In 2010 when President Umaru Musa Yar’Adua became gravely sick and power was yet to be transited to then Vice President Goodluck Jonathan as constitutionally required, the nation was almost drifting and some also feared that there would be a military takeover of power. But the Nigerian Army, again, refused to be drawn into the fray until the issue was eventually resolved. There was an adherence to the Doctrine of Necessity by the Senate, and Jonathan assumed the mantle of leadership. The leadership of the Nigerian Army was evidently committed to ensuring that democracy thrives in Nigeria, no matter what.
Today, over 20 years since Nigeria’s return to democratic governance, the Nigerian Army, under the leadership of Lt. Gen Tukur Buratai, the Chief of Army Staff, continues to proudly submit itself to civilian authority under the leadership of President Muhammadu Buhari, and exemplarily so.
That the officers and men of the Nigerian Army have deeply imbibed the tenets of democracy should not be discounted or taken for granted, especially in an environment on the continent where militaries still find it hard to resist the temptation of entering the political arena and forcefully taking power as we saw in 2017 when the Zimbabwean President was removed in a coup, or in Sudan where the leader was forcefully removed in 2019, or recently in Mali where soldiers ousted President Ibrahim Boubacar Keita in August on the pretext of preventing the country from falling into chaos.
Beyond all these, however, the officers and men of the Nigerian Army also continue to pay a huge price for the stability of the country and the sustenance of our democracy. Several gallant lives have been lost in the efforts and push to bring an end to Boko Haram insurgency, kidnapping, militancy, and banditry. Many of them are away from their families and loved ones for extended periods, continuously defending the territorial integrity of their homeland. Yet, their loyalty to their country remains unshaken while their commitment to the patriotic and democratic cause remains unwavering.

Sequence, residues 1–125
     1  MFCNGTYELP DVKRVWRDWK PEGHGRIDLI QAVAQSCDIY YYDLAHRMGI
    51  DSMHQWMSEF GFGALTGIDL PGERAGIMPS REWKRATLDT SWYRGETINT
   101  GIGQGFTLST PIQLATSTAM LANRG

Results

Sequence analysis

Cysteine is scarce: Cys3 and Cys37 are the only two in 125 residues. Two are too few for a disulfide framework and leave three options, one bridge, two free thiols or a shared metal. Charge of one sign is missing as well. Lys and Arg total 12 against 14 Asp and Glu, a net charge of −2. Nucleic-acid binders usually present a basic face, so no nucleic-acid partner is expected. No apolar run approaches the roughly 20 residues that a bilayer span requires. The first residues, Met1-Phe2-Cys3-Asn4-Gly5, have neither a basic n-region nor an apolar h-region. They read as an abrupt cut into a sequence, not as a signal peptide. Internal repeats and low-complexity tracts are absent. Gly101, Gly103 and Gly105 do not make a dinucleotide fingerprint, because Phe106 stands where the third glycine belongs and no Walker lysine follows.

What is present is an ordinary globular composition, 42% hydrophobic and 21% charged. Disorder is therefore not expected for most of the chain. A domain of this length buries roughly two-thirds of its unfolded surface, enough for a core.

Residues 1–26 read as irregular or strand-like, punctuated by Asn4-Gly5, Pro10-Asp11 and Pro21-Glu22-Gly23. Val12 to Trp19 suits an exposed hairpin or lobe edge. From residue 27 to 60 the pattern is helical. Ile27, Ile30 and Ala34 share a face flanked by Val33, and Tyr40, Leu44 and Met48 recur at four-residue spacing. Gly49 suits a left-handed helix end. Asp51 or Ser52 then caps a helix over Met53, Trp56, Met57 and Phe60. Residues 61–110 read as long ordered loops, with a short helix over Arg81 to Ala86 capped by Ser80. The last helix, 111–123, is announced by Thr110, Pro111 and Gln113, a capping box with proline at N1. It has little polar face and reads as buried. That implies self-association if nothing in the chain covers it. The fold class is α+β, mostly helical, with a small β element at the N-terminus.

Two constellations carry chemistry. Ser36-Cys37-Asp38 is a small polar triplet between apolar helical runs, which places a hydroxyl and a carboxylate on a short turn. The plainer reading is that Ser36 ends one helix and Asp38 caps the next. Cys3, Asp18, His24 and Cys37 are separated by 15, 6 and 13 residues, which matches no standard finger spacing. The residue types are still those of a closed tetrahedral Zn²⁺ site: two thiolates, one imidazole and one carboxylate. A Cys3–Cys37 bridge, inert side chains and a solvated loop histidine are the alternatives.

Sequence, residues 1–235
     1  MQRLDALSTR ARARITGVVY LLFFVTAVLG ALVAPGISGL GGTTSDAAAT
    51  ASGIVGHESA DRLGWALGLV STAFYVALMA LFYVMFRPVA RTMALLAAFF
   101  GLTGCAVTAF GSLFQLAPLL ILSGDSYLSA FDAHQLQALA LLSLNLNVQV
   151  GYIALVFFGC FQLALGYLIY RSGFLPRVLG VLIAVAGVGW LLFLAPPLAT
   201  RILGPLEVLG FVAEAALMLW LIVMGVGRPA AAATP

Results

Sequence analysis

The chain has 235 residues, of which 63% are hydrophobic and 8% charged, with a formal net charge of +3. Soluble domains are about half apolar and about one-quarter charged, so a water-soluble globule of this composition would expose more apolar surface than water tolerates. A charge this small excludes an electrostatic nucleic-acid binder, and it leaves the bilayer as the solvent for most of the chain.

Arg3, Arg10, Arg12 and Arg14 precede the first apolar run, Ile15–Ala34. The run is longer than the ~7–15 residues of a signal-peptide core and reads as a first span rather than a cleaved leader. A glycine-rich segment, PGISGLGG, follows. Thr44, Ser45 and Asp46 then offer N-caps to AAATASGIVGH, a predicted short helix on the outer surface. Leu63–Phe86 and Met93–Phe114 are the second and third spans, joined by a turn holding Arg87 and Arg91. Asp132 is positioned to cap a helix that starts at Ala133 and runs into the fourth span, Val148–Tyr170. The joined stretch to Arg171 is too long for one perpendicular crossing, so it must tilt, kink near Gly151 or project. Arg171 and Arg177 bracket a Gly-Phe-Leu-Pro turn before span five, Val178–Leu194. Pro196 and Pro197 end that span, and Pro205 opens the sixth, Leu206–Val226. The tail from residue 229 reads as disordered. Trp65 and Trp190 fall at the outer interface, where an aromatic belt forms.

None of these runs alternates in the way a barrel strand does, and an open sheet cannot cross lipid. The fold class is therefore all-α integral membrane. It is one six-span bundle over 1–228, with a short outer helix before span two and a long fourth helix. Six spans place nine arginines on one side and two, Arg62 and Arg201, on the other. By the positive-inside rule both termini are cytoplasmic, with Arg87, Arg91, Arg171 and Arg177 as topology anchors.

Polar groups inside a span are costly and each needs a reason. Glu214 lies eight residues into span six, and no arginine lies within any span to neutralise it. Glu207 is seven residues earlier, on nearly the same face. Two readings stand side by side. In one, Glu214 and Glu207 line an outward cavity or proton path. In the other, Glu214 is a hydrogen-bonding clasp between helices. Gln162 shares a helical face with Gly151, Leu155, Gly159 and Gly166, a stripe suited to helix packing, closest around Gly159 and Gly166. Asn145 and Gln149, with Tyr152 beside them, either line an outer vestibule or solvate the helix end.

Anytime the Police are not able to effectively maintain civil law and order, the Nigerian Army has always been the last resort for political leaders, and it has never shied away from this delicate responsibility to keep the country as one indivisible nation.
The Nigerian Army has also been immensely supportive in the efforts to relocate internally displaced people in the Northeast back to their ancestral lands, doing all in its power to ensure that the war against terror in the North East is won and the peace sustained in active collaboration with the civilian population.
Undoubtedly, the Nigerian Army is truly a pride to the nation. Therefore, beyond being vilified for its role in the recent #EndSARS protests, for instance, it instead ought to be appreciated and celebrated, and then encouraged to do much more in serving the country, performing better, protecting and sustaining our democracy, and continuously defending the territorial integrity of Nigeria like it has always done.
• Kolawole is a communications expert based in Lagos